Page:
So, if you're a relative novice in the whisky world, spending a little over 100 Euro's on these 5 titles is a sensible investment - especially because there's not too much 'overlap' of information. Together with
everything you can find on the web nowadays (like the Beginner's Guide and Distillery Data elsewhere on MM
), these books should help you maximise your enjoyment of every glass of whisky (well, almost ;-) that you'll drink afterwards. But now I'm getting ahead of myself; the reading list goes on for a bit longer...
At the #6 spot of my reading list we find Michael Jackson's Malt Whisky Companion by the late, great
whisky author Michael Jackson - "not the pop singer" as he used to joke. If the author had still been with us it probably would have ended up higher on the list, because the format of this pocket book (a blend of
general whisky information, tips on how to drink whisky, facts and figures about distilleries and tasting notes)
makes it close to perfect for relative beginners in the whisky world. However, recent editions have been put
together by other writers, which makes the book in itself a little less interesting for me. Meanwhile, there's an
ongoing argument about who actually was the first to publish a whisky book of a similar format. A strong case was made for the whisky book that we can find at the #7 spot; The Malt Whisky File
by John Lamond & Robin Tucek. Just like the companion, the Malt Whisky File contains a guide to the regions, nosing and tasting
tips, whisky maps, etc. There are a few unique sections as well though, like hints on pronunciation and price indications for bottlings. Despite these differences, it might be best to choose one or the other here.
There's no need to make such a tough decision when it comes to a
fairly recent publication:
The World's Best Whiskies by Dominic
Roskrow. It's very well written and features some beautiful
photography, as well as some welcome attention for the glassware
that's used to enjoy whisky. There's one problem though - the title
suggests that the book features the 750 BEST whiskies, but it does
not - unless you agree that Cutty Sark, Johnnie Walker Red Label,
Jack Daniels and Slyrs are amongst the best whiskies in the world.
Also, independent bottlings are hardly mentioned. If you are a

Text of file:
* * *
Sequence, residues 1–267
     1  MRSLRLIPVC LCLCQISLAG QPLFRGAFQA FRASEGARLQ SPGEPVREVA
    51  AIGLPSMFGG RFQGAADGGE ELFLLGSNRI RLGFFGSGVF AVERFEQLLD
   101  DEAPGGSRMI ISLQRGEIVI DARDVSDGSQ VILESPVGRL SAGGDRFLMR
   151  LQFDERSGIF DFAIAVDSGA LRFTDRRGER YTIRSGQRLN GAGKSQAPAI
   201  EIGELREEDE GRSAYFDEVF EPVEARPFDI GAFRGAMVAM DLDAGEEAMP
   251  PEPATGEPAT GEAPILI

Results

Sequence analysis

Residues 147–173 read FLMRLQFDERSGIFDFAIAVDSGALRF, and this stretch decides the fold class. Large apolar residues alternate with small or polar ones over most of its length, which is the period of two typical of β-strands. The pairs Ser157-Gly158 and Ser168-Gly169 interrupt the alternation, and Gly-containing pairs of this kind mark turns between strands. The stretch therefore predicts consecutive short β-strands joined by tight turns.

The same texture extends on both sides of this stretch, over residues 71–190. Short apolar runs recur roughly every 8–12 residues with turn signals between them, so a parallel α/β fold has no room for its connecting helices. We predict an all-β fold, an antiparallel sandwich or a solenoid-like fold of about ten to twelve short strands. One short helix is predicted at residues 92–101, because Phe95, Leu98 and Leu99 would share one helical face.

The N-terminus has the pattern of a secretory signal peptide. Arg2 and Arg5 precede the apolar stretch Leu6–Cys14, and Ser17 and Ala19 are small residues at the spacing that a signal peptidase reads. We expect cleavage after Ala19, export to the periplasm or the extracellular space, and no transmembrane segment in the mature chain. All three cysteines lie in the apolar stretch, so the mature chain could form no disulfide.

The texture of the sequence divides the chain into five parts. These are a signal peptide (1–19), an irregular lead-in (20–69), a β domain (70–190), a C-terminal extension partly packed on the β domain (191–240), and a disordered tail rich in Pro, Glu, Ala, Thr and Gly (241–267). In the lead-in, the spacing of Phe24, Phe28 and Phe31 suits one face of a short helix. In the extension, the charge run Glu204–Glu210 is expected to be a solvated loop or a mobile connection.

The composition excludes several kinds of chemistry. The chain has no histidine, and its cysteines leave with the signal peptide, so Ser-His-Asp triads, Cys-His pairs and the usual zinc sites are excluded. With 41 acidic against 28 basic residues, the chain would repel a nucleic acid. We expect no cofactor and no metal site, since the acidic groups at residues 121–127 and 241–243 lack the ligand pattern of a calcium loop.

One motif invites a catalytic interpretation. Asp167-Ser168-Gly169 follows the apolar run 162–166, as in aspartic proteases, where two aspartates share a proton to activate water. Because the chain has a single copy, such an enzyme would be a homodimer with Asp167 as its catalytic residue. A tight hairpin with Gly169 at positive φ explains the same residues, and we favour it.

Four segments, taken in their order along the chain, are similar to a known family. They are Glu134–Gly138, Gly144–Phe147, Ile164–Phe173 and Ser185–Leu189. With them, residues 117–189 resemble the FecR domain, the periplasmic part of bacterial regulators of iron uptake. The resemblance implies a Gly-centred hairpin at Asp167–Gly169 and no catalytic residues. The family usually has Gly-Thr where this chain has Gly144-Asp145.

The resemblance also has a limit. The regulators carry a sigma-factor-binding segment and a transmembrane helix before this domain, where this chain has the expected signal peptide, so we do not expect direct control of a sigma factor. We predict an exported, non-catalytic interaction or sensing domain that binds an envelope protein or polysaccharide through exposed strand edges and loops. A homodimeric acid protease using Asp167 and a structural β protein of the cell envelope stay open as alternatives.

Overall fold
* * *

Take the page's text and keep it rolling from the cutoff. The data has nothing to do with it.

relative beginner (or if you want to give a book as a gift to a
potential whisky lover), Dominic's book also provides a great
check list for everybody that's just discovering the whisky world.
At #9 (at least for now), is
Whisky Classified by David Wishart.
That's odd, because I don't feel like it's a particularly good whisky
book. However, the classification of different whiskies IS an
important aspect of the enjoyment of single malts. In my case, the
crooked logic in this book provoked me to come up with an
alternative system that worked for me; a PERSONAL classification
system rather than a system that was already outdated by the time
I sampled my first malt whisky in 1991.
So, I recommend this latest book mostly for its thought-provoking qualities... ;-)
Last but not least, there's The Whisky Encyclopaedia by Michael Jackson.
This comprehensive standard work on all things Scotch and whisky used to be higher on my reading list, but
in recent years a few other whisky books were published that contain fairly similar information. What's more,
the data in those books is a little more recent. So although this book of Michael Jackson is a fine piece of work, it's conceivable that its place on this list will be taken by another book eventually...
---So, that's it; 10 books to help you find your way around the confusing whisky world.
---Of course, the problem with these types of "Top 10" lists is that there's only room for
---10 entries. There are dozens of other whisky books on my shelves, and I'd recommend
---most of them. Like 'The Business of Spirits' by Noah Rothbaum - it didn't make the top 10,
---but it offers an enlightening look into the business side of the whisky world.
-------After I discovered the internet in 1995, I hardly touched any books for a decade.
-------However, while the world wide web provides access to more information that any
-------book could ever hope to contain, it also requires a computer or smart phone.
-------Books & magazines provide a different experience - and in recent years I've come to
-------appreciate the portability of paper again. Besides, even after tasting a few thousand
-------whiskies in the cold glow of a computer monitor, I must admit that sitting in a comfy
-------chair with a good book and a good glass of whisky simply looks more stylish.
-------The scene would probably look even more stylish if I were dressed in a silk smoking
-------jacket with a paisley pattern, but that would not be practical. Well, at least not until
-------I finally add that live webcam feed from my living room to the site...
Anyway, that's "it" as far as whisky books are concerned - check out the sitemap for lots of other topics.